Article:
I don’t think I’ve ever had perch before, and saw it in the grocery store, so I decided to try it. Since I have no experience with it, I just threw it in a bag with lemon juice and capers and cooked it at 140 degrees during a few meetings …
In hindsight, I should have gone with my instincts and cooked it at 130 instead. But it was still pretty good.
Yet another example that simple recipes can be fast, easy, and also great.
Overly complicated recipes are often overly complicated. The best recipes feature a small number of excellent ingredients, and let the excellence of the ingredients and the appropriateness of the pairing drive the success of the dish.
The exception is of course the egg. It’s one of the few raw ingredients that can be made into a large number of delicious one ingredient recipes. Most other recipes need at least two, and Raclette needs exactly two.
Continue reading Raclette
If it’s Superbowl time of the year, you are guaranteed to see lots of food blog posts about chicken wings! And you can avoid having to order a week in advance by making your own, which isn’t that hard.
Continue reading Chicken Wings!
The winner is actually a place I have been to before on a previous trip. It was recommended by a colleague who is a big fan of Diners, Drive-Ins and Dives and used it to plan his trip meals. You’d never think to get a Philly Cheesesteak in Salt Lake City, unless you were FROM Salt Lake City, and knew about Moochie’s Meatballs and More!
Continue reading Best Meal of the Trip: Salt Lake City
I was skeptical about this one … but they turned out awesome:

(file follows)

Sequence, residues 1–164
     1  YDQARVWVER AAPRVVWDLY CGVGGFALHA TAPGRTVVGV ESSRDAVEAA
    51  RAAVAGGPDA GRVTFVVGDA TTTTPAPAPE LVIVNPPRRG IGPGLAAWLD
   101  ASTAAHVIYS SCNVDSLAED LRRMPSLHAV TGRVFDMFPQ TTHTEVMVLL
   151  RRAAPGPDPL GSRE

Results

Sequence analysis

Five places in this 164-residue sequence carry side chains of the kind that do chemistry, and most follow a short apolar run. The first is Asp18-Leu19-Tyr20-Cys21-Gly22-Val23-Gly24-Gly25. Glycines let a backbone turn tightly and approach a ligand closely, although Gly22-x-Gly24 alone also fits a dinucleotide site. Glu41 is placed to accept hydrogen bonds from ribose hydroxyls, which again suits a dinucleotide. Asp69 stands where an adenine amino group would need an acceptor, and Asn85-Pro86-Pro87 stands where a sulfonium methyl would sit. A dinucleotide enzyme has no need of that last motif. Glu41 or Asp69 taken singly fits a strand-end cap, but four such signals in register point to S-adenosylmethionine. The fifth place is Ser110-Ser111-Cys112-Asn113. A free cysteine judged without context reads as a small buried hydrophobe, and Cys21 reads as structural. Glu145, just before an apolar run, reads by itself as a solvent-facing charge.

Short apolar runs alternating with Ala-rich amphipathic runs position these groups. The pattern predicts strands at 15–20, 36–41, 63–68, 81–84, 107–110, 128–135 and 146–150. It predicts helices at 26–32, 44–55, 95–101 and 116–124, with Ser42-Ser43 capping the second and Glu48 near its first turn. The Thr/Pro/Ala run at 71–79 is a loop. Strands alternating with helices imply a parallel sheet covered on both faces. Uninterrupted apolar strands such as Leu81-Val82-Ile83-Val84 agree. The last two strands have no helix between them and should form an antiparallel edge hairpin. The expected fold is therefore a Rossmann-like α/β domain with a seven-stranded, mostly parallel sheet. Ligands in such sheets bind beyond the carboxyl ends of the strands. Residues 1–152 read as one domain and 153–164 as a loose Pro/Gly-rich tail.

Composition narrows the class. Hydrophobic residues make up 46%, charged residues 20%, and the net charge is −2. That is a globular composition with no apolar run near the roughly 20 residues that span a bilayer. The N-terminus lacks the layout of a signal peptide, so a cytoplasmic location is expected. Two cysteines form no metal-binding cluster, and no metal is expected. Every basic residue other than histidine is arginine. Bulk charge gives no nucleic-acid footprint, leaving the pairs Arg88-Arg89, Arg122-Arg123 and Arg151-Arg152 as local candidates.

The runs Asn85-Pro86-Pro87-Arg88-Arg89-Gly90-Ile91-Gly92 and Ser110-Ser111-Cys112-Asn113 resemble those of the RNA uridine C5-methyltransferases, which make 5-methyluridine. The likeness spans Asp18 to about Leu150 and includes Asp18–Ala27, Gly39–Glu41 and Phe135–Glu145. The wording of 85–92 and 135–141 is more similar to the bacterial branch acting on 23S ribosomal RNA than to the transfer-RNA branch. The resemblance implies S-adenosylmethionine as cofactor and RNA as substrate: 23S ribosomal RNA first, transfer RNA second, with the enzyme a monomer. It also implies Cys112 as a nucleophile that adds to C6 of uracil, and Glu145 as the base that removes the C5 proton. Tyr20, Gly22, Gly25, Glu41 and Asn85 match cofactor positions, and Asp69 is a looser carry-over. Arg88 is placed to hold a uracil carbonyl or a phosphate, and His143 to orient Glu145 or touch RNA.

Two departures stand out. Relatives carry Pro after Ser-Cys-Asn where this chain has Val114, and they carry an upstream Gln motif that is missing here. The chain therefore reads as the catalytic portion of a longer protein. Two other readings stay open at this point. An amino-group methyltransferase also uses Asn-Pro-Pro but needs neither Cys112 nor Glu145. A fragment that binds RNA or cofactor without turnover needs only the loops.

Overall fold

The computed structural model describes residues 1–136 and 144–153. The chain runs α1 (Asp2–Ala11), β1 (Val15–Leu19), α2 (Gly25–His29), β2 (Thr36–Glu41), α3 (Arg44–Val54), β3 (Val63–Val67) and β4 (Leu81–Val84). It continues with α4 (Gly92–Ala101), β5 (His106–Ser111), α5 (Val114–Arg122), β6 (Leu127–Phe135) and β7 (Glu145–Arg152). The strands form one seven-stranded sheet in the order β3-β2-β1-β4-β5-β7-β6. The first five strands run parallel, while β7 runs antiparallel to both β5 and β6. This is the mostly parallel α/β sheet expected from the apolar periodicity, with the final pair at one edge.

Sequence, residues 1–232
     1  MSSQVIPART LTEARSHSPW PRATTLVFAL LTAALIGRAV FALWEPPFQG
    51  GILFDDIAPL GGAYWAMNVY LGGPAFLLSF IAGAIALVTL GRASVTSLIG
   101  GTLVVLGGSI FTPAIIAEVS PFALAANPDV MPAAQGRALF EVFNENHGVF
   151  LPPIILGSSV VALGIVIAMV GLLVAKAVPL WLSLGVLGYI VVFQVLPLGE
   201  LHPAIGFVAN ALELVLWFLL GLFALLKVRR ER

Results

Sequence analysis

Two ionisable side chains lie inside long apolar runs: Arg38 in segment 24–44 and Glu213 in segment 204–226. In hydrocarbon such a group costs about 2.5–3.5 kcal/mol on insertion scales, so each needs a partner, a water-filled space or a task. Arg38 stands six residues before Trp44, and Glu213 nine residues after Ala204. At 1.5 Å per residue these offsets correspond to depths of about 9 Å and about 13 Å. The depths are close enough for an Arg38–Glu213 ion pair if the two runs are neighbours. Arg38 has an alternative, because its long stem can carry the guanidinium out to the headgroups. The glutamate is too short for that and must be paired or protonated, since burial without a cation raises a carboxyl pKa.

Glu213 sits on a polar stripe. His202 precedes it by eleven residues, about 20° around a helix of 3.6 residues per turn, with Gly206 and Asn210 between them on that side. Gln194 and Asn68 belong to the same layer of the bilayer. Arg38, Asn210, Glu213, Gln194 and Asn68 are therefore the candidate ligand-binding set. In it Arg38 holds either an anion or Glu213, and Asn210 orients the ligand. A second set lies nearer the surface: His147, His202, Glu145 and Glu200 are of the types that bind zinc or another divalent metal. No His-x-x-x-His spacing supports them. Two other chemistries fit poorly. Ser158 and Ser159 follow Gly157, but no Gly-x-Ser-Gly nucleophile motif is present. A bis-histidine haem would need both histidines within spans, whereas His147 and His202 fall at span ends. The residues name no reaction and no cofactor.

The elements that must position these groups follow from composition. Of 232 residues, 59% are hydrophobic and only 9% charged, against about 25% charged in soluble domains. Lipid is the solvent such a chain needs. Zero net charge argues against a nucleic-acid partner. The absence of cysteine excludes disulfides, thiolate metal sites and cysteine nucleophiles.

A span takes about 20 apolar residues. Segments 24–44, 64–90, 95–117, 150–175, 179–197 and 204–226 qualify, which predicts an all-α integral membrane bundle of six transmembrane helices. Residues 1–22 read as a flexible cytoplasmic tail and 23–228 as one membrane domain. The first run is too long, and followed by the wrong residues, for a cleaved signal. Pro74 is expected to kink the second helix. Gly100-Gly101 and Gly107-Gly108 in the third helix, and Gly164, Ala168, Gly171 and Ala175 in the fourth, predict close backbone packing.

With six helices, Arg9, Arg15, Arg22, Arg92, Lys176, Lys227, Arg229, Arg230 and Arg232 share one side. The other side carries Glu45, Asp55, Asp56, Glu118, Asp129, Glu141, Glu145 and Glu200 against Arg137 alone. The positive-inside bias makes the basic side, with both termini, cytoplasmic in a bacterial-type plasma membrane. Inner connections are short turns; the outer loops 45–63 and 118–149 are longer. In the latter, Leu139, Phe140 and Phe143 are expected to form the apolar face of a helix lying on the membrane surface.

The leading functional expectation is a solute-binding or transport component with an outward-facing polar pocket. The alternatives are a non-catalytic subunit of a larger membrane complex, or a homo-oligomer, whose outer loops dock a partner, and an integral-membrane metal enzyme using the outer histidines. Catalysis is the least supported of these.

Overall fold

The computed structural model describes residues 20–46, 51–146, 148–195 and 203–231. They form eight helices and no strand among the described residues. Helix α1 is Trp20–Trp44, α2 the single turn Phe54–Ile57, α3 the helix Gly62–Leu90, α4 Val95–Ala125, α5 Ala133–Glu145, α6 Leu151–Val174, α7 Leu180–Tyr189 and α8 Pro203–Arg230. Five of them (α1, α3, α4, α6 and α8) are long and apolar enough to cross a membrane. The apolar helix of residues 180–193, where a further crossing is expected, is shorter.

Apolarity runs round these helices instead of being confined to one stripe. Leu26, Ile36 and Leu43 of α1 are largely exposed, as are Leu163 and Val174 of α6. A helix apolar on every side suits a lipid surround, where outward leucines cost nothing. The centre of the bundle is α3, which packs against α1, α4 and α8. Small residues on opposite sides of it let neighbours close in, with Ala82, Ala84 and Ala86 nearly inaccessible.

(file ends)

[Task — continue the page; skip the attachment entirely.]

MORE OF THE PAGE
Continue reading Sous Vide Burgers
As usual, first, a blog post about the trip meals that didn’t win Best Meal of the Trip, but are worth mentioning. Food in Salt Lake City is actually surprisingly good.
First is Chubby’s, my favorite Salt Lake City Mexican chain:
It’s pretty low key, but the food is really good.
Continue reading Salt Lake City meals
These are from page 6 of the Jan-Feb 2018 issue of Cook’s Illustrated. They’re a fair amount of work, but they turned out really really tasty.
I made a couple of changes to the recipe, though.
Continue reading Chinese Spareribs
Skin-on chicken thighs are one of my favorites, despite the fact that they are increasingly hard to find in grocery stores in reasonable quantities (<4 lbs). Usually I stew them, but sometimes I also roast them:
These were brined overnight and seasoned with garlic, rosemary, and thyme, then roasted in a 425 degree oven for 30 minutes. The sauce is a simple dijon mustard and lemon juice pan sauce, thickened with flour.
The skin was dried with a paper towel after being taken out of the brine, and lightly dusted with cornstarch. It ended up amazingly crispy (as if it were fried), while the chicken was nice and tender and tasty.
One of the advantages of working from home is you can cook lunch. And dinner. Your office suddenly has a full gourmet kitchen staffed with a chef available on call whenever you want.
Today’s lunch was a quick Shepherd’s pie:
The recipe is a quick one that I’ve been using for years. It isn’t a culinary masterpiece, but lunch doesn’t have to be.
Continue reading Working from home
Had to go to Simi Valley for work at the end of January, so I made the trip a bit longer, and spent both weekends in Los Angeles. No point in racing home to be in Pittsburgh in February!! Anyway, it’s always fun deciding on and posting the best meal of the trip; this time since it was a relatively long trip in an area with good restaurants, there were a lot of strong candidates and even the losers are worth a blog post.
First, Baja Cantina:
It’s right near the Venice Pier. This is the Enchiladas Suizas, my favorite dish there.
Continue reading Best Meal of the Trip: Runners up